Vyatta Network OS Documentation

Learn how to install, configure and operate the Vyatta NOS, which helps drive our virtual networking & physical platforms portfolio.

Site-to-site mode with TLS

When TLS is used in site-to-site mode, the vRouter configuration is the same as described in the previous section, except that you must configure TLS-related options instead of the shared-secret-key-file option. As previously discussed, one endpoint takes the passive role and the other takes the active role.

Each endpoint must also have the following files, which are required for the TLS protocol.

  • Certificate Authority (CA) certificate file: This file contains the certificate of the CA, which is used to validate the certificate of the other endpoint.
  • Host certificate file: This file contains the certificate of the endpoint, which is presented to the other endpoint during the TLS negotiation.
  • Host key file: This file contains the private key of the endpoint, which is kept secret from anybody else.
  • Certificate revocation list (CRL) file: (Optional) This file contains a list of certificates that have been revoked, which prevent endpoints with these certificates from establishing a VPN tunnel.
  • DH parameters file: (Only needed by the passive endpoint) This file contains Diffie Hellman parameters that are required only by the endpoint taking the passive role in the TLS negotiation.

More information about these files is available in the OpenVPN documentation.

The configuration that follows corresponds to the configuration for the example in the previous section. Assume that the necessary files have been generated and distributed to each endpoint and that V1 and V2 are passive and active, respectively.

To configure V1 for a site-to-site VPN with TLS, perform the following steps in configuration mode.

Table 1. V1 OpenVPN configuration: site-to-site with TLS
Step Command

Create the vtun0 configuration node.

vyatta@V1# set interfaces openvpn vtun0

Set the local IP address of the VPN tunnel.

vyatta@V1# set interfaces openvpn vtun0 local-address 192.168.200.1

Set the OpenVPN mode.

vyatta@V1# set interfaces openvpn vtun0 mode site-to-site

Set the remote IP address of the VPN tunnel.

vyatta@V1# set interfaces openvpn vtun0 remote-address 192.168.200.2

Specify the physical IP address of the remote host.

vyatta@V1# set interfaces openvpn vtun0 remote-host 87.65.43.21

Set the role of this endpoint.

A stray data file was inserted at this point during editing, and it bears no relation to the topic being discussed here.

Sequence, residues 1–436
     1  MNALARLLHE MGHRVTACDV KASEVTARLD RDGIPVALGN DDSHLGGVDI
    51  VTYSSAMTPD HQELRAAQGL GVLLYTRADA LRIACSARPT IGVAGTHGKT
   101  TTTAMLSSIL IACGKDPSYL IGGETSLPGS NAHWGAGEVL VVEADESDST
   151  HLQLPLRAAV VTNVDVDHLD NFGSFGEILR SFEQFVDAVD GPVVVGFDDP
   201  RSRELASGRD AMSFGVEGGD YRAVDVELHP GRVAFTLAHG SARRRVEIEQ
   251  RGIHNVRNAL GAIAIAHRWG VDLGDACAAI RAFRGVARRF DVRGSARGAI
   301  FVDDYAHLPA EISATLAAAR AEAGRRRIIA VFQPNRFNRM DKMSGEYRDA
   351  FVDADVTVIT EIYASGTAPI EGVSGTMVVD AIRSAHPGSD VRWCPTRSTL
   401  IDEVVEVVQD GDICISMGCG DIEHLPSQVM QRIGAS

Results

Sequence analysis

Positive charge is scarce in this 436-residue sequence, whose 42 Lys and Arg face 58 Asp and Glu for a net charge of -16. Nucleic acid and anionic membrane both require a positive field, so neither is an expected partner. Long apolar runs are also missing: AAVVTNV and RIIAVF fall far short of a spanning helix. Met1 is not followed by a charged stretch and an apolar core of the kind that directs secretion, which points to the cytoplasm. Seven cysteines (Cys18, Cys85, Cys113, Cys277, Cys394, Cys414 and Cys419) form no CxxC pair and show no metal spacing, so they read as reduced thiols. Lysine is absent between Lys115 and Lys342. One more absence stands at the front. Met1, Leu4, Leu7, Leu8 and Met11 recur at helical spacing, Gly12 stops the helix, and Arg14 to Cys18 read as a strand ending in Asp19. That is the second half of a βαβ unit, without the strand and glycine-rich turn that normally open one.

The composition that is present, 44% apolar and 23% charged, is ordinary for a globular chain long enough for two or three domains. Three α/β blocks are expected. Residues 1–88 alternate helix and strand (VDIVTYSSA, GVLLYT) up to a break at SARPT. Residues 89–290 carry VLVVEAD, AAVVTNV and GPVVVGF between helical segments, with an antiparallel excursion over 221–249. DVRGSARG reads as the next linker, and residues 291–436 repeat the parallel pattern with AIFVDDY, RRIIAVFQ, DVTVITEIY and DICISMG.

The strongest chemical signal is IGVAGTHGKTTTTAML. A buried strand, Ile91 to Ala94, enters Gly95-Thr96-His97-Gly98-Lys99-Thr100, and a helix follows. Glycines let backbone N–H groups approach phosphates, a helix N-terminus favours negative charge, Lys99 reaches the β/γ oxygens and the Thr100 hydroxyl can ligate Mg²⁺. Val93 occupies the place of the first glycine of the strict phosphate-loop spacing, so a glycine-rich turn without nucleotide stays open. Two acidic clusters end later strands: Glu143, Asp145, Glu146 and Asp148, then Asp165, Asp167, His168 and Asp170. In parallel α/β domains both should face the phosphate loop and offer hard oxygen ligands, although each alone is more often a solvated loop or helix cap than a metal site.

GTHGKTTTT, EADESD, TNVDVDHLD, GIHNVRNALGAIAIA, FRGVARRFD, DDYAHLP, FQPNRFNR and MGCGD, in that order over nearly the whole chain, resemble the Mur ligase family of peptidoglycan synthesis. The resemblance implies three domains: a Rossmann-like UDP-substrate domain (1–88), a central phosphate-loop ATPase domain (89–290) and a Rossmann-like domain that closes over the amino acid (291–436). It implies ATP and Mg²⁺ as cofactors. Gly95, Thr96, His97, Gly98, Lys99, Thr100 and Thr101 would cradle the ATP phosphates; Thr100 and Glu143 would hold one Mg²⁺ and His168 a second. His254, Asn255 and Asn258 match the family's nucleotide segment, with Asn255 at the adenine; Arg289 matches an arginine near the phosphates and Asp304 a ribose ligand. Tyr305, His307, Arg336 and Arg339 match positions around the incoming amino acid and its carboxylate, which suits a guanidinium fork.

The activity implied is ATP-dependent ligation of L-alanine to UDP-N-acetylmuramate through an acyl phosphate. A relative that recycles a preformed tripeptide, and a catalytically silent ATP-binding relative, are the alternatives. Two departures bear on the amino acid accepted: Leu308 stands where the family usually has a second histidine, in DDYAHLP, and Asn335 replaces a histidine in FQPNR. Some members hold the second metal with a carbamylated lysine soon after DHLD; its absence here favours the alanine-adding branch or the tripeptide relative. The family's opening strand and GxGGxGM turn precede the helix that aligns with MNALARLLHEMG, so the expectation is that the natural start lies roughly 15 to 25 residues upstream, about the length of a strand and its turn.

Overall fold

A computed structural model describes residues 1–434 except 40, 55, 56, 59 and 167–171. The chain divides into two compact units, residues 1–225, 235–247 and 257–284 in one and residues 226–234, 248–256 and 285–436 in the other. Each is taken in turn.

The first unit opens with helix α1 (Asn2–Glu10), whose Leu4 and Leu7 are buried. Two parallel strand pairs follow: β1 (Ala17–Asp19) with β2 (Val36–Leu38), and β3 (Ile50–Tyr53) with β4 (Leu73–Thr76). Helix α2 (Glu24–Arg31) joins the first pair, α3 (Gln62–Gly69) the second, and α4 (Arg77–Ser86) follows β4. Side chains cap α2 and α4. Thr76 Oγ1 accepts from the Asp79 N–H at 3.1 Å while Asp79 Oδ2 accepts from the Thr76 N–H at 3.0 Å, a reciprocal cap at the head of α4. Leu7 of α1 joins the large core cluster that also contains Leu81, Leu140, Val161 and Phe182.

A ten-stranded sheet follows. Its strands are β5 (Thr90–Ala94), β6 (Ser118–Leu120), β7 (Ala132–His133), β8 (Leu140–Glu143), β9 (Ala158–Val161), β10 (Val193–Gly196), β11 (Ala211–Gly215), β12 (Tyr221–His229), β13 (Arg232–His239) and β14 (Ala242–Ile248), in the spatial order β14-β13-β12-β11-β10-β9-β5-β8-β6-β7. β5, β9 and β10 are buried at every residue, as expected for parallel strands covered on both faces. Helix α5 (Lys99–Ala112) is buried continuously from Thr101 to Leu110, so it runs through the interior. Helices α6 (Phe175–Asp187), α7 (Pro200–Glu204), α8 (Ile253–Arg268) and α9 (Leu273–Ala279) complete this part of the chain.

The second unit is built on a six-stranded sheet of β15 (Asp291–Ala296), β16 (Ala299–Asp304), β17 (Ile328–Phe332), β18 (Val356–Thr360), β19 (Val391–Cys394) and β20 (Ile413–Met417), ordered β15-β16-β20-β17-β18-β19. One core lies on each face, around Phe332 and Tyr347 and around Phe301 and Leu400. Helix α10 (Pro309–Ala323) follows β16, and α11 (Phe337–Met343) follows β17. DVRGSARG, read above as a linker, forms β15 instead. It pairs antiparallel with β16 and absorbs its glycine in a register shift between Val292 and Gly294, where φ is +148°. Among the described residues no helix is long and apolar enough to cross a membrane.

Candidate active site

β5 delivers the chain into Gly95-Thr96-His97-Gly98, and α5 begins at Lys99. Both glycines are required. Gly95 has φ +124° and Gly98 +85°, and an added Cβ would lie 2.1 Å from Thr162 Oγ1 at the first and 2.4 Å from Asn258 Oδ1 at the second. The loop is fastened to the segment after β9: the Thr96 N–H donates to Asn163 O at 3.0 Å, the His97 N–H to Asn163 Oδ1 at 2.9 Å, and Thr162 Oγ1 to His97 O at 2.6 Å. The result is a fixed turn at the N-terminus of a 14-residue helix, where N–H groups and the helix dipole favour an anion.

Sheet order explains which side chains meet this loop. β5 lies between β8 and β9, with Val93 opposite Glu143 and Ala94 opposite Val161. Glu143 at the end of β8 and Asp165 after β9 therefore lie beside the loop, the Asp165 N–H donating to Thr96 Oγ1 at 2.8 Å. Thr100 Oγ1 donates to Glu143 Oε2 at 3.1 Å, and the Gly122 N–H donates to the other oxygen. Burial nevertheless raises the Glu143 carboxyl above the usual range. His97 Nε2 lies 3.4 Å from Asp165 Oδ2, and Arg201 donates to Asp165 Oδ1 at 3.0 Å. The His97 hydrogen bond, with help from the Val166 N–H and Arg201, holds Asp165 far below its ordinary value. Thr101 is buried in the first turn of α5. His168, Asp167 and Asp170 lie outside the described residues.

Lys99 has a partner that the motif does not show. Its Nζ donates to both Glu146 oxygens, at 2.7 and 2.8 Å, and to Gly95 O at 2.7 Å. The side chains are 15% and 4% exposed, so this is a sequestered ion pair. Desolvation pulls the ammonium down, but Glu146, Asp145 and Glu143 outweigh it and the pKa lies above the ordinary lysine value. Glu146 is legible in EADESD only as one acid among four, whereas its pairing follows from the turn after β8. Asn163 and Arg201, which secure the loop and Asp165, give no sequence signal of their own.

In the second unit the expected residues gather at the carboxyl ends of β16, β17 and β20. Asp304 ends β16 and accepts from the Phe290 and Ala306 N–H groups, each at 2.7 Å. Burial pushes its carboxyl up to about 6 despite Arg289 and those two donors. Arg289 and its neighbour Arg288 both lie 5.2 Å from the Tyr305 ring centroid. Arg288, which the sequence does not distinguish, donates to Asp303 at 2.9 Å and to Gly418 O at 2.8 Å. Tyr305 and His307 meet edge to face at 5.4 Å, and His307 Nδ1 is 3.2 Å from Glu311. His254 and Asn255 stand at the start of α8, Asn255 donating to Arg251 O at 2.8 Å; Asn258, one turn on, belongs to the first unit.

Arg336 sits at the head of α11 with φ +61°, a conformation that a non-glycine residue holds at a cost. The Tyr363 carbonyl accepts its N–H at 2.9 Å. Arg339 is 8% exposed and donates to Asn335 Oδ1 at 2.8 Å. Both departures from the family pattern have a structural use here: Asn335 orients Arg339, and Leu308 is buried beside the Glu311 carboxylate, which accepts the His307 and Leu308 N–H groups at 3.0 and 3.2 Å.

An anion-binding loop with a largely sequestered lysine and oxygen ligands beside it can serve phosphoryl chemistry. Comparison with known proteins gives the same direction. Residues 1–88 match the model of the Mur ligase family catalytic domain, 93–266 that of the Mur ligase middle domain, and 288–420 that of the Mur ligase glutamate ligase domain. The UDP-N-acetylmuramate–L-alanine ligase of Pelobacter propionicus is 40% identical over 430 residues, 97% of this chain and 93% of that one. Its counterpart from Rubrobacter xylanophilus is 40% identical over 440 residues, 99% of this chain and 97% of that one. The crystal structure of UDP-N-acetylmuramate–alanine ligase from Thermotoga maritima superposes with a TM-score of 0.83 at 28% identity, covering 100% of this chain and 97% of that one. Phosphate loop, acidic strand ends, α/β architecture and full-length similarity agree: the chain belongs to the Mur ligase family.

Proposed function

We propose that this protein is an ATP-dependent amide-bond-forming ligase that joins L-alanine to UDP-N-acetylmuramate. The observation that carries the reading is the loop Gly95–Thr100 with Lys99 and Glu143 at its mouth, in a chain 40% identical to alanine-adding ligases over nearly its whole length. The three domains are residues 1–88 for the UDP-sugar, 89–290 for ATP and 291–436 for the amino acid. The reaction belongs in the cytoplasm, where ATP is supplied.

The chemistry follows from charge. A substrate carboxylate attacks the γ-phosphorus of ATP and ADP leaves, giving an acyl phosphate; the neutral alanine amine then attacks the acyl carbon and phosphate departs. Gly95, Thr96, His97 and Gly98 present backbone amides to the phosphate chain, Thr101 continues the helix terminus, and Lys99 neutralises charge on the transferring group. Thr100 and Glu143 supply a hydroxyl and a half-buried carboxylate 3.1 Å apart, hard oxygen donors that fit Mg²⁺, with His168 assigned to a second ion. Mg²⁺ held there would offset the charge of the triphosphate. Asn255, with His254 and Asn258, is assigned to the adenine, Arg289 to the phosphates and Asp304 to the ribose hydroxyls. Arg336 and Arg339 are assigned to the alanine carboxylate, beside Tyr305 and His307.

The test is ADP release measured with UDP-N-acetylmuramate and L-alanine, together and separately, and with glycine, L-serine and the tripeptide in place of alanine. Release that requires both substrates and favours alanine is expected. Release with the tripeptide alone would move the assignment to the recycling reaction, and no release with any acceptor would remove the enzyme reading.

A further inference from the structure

vyatta@V1# set interfaces openvpn vtun0 tls role passive

Specify the location of the CA certificate file.

vyatta@V1# set interfaces openvpn vtun0 tls ca-cert-file /config/auth/ca.crt

Specify the location of the host certificate file.

vyatta@V1# set interfaces openvpn vtun0 tls cert-file /config/auth/V1.crt

Specify the location of the CRL parameters file.

vyatta@V1# set interfaces openvpn vtun0 tls crl-file /config/auth/crl.pem

Specify the location of the DH file.

vyatta@V1# set interfaces openvpn vtun0 tls dh-file /config/auth/dh1024.pem

Specify the location of the host key file.

vyatta@V1# set interfaces openvpn vtun0 tls key-file /config/auth/V1.key

Commit the change.

vyatta@V1# commit

Show the OpenVPN configuration.

vyatta@V1# show interfaces openvpn vtun0
 local-address 192.168.200.1
 mode site-to-site
 remote-address 192.168.200.2
 remote-host 87.65.43.21
 tls {
    role passive
    ca-cert-file /config/auth/ca.crt
    cert-file /config/auth/V1.crt
    crl-file /config/auth/cr1.pem
    dh-file /config/auth/dh1024.pem
    key-file /config/auth/V1.key
 }

Note that the configuration is the same as in the previous section except that the shared-secret-key-file option has been replaced by tls options. The V1 endpoint takes the passive role, so the dh-file option is required. The crl-file option is also specified in this example.

To configure V2 for a site-to-site VPN with TLS, perform the following steps in configuration mode.

Table 2. V2 OpenVPN configuration: site-to-site with TLS
Step Command

Create the vtun0 configuration node.

vyatta@V2# set interfaces openvpn vtun0

Set the local IP address of the VPN tunnel.

vyatta@V2# set interfaces openvpn vtun0 local-address 192.168.200.2

Set the OpenVPN mode.

vyatta@V2# set interfaces openvpn vtun0 mode site-to-site

Set the remote IP address of the VPN tunnel.

vyatta@V2# set interfaces openvpn vtun0 remote-address 192.168.200.1

Specify the physical IP address of the remote host.

vyatta@V2# set interfaces openvpn vtun0 remote-host 12.34.56.78

Set the role of this endpoint.

vyatta@V2# set interfaces openvpn vtun0 tls role active

Specify the location of the CA certificate file.

vyatta@V2#set interfaces openvpn vtun0 tls ca-cert-file /config/auth/ca.crt

Specify the location of the host certificate file.

vyatta@V2# set interfaces openvpn vtun0 tls cert-file /config/auth/V2.crt

Specify the location of the host key file.

vyatta@V2# set interfaces openvpn vtun0 tls key-file /config/auth/V2.key

Commit the change.

vyatta@V2# commit

Show the OpenVPN configuration.

vyatta@V2# show interfaces openvpn vtun0
 local-address 192.168.200.2
 mode site-to-site
 remote-address 192.168.200.1
 remote-host 12.34.56.78
 tls {
    role active
    ca-cert-file /config/auth/ca.crt
    cert-file /config/auth/V2.crt
    key-file /config/auth/V2.key
 }

The configuration is the same as in the previous example except that the tls option is specified; the crl-file option is not specified; and, because the V2 endpoint takes the active role, the dh-file option is not needed.